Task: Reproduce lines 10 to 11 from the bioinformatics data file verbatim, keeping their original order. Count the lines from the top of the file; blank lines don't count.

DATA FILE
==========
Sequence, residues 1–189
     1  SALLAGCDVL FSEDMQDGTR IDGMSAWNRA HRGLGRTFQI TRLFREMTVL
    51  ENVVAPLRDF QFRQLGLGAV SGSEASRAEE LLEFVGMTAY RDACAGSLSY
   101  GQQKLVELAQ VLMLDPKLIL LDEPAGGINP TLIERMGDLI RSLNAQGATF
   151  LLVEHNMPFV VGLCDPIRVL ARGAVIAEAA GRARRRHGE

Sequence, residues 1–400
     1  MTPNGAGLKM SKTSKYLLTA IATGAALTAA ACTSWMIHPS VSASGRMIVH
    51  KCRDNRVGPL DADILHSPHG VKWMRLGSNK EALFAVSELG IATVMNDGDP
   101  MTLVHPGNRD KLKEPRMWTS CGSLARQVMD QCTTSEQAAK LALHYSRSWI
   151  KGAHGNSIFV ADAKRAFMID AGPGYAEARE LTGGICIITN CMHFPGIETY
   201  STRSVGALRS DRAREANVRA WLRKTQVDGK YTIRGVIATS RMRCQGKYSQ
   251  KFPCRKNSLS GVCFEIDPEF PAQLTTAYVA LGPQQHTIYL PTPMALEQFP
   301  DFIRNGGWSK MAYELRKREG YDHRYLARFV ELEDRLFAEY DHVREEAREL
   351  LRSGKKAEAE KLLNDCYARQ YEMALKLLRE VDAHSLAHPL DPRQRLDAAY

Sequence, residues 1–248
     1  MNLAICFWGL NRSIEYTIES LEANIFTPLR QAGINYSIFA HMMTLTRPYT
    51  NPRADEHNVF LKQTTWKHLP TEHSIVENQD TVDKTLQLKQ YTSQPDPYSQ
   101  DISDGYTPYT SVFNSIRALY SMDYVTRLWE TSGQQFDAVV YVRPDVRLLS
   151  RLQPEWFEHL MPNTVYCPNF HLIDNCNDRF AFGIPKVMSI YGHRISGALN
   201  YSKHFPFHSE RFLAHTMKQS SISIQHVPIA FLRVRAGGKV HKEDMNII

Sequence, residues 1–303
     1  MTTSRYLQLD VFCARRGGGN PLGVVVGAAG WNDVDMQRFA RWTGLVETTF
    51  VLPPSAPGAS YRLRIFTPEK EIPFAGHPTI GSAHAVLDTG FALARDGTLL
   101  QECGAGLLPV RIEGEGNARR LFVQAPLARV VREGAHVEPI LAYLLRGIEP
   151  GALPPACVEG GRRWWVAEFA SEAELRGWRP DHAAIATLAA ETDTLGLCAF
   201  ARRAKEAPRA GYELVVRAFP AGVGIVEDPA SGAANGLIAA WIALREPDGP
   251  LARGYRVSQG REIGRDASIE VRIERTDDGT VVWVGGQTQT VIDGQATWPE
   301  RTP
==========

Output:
   151  KGAHGNSIFV ADAKRAFMID AGPGYAEARE LTGGICIITN CMHFPGIETY
   201  STRSVGALRS DRAREANVRA WLRKTQVDGK YTIRGVIATS RMRCQGKYSQ